Information contained in this article is subject to change based on further interpretation of tax laws and subsequent guidance issued by the Internal Revenue Service.

 

 

There’s Still Time to Secure Health Insurance for 2019

Posted on November 29, 2018 by Adam Cohen

The open-enrollment period for U.S. taxpayers to secure medical health insurance for 2019 via the Health Insurance Marketplace runs from Nov. 1, 2018, through Dec. 15, 2019. While the new tax law introduced on Jan. 1, 2018, does eliminate the Obamacare individual shared responsibility penalty for individuals who go without insurance in 2019, there are other reasons taxpayers should consider enrolling in a marketplace plan for 2019.

Some states, such as the District of Columbia, Massachusetts and New Jersey, have implemented their own individual mandates that will assess penalties on residents who do not have minimum essential health care coverage in 2019 and who do not qualify for an exemption.

In addition, by enrolling in a marketplace health care plan, you will continue to receive many of the benefits and incentives that the Affordable Care Act (ACA) introduced, such as guaranteed coverage for pre-existing conditions and free annual physical exams and preventive care immunizations, screenings and counseling. Without a marketplace plan, you may be denied coverage from a private insurer, or you may be unable to afford care and treatment for an unexpected illness or injury to you or your family members.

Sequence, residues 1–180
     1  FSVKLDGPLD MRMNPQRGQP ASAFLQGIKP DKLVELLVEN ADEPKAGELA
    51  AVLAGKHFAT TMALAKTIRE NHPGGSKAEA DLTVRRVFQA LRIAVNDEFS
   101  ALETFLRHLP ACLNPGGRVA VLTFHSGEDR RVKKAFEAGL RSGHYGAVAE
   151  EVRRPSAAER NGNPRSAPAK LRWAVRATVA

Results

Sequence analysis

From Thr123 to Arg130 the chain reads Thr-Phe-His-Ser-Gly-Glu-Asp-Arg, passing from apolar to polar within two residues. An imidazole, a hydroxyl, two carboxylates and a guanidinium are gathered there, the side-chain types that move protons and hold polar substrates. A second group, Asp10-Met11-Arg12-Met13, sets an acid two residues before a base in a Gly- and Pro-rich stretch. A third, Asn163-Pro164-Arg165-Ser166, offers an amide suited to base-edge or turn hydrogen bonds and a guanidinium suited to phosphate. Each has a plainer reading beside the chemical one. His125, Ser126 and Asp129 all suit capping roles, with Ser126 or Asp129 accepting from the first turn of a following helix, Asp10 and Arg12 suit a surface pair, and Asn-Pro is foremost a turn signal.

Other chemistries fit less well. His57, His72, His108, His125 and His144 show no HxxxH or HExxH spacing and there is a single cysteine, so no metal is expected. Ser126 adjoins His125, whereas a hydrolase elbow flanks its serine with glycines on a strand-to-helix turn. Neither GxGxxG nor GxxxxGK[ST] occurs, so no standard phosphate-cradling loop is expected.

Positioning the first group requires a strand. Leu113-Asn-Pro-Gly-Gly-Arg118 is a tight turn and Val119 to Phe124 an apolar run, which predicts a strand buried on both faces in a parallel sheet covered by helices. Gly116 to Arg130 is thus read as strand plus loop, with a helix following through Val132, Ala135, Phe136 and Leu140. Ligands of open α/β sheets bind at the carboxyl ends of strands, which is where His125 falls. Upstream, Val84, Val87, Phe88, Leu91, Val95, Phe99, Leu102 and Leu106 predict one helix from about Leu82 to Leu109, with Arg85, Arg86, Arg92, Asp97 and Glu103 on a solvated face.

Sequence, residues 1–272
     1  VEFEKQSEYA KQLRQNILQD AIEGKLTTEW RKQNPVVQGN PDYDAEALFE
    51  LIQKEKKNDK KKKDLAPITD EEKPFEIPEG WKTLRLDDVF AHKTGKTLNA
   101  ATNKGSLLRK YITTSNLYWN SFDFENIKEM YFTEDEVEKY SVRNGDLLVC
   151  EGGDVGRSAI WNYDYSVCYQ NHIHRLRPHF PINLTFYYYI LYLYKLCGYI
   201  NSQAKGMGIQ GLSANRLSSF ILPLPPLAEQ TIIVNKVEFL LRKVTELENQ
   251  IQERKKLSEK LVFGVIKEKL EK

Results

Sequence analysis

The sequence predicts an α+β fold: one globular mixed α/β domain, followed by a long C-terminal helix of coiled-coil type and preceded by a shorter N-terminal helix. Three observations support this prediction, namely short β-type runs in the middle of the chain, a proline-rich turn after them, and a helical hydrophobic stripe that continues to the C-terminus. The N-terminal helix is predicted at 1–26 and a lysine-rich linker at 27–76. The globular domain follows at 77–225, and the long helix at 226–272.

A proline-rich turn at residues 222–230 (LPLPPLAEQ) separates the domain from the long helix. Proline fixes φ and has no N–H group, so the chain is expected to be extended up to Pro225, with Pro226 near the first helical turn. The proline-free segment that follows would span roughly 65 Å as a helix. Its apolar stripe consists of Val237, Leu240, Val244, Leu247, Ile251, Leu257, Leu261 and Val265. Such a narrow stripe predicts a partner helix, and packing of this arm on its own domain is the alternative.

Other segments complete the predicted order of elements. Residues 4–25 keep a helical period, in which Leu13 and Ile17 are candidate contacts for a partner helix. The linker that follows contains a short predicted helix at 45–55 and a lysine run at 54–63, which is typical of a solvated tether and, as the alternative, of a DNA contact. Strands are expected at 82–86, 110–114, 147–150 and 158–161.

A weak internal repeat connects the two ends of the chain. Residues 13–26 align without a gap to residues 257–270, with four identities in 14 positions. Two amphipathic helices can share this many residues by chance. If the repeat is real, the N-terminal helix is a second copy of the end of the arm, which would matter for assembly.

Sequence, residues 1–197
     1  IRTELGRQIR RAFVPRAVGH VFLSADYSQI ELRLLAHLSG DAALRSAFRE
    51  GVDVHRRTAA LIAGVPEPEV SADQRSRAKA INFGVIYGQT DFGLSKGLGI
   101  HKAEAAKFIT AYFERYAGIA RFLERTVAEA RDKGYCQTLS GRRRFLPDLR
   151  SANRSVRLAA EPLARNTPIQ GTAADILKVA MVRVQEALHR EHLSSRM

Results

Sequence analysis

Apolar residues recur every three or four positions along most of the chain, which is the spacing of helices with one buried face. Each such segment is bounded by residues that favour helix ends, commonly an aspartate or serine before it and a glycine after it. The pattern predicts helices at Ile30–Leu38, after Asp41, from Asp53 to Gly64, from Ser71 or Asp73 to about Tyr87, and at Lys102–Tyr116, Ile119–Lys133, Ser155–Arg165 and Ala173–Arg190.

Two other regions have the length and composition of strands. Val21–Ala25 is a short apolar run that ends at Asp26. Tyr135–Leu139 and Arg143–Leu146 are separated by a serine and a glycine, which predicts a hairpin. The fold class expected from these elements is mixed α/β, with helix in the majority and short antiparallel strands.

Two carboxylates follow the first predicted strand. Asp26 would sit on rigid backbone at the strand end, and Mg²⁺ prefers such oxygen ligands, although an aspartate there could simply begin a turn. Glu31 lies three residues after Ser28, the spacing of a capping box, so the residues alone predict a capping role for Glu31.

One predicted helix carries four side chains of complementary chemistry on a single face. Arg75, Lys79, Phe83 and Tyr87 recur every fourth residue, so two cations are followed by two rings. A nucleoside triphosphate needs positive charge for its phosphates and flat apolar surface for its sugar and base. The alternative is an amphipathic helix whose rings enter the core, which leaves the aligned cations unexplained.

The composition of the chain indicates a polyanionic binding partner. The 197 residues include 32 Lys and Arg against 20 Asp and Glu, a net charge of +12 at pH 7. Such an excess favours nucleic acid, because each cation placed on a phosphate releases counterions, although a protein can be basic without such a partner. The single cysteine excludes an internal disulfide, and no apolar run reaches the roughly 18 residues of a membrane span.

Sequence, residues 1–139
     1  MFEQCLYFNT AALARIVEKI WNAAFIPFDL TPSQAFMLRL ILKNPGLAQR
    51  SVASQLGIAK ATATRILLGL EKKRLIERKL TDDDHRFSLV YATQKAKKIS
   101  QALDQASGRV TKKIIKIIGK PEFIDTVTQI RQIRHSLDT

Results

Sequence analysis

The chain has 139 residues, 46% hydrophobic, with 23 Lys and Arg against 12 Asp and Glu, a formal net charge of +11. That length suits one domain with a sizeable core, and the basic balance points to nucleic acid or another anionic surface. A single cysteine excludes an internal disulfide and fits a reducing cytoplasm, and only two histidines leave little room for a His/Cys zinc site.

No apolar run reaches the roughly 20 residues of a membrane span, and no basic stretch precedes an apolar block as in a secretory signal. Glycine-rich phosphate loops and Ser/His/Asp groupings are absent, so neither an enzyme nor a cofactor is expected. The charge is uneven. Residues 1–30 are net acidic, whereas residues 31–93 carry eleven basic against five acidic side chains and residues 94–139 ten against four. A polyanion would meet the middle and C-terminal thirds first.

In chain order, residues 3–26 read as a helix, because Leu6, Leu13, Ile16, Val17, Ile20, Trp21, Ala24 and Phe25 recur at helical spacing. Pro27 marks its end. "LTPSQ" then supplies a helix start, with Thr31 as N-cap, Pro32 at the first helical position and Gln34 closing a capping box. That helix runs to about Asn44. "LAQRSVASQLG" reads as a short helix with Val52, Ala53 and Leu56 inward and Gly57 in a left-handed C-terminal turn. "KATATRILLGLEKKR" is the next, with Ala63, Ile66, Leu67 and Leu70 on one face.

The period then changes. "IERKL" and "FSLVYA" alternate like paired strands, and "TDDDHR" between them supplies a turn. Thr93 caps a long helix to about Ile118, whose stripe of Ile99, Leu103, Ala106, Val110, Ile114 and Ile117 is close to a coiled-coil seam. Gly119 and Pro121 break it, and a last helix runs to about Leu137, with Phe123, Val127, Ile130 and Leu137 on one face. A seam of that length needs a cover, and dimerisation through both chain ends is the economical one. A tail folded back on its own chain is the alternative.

Due in part to the elimination of the individual mandate, most families should expect to pay higher premiums for plans in 2019 than they did in prior years. However, the premium tax credit has also increased for 2019, helping qualifying taxpayers to subsidize their costs for coverage. High-income families that do not qualify for the premium subsidy may want to consider setting aside pre-tax dollars into health savings accounts (HSAs) to help them pay healthcare costs, including marketplace plan premiums.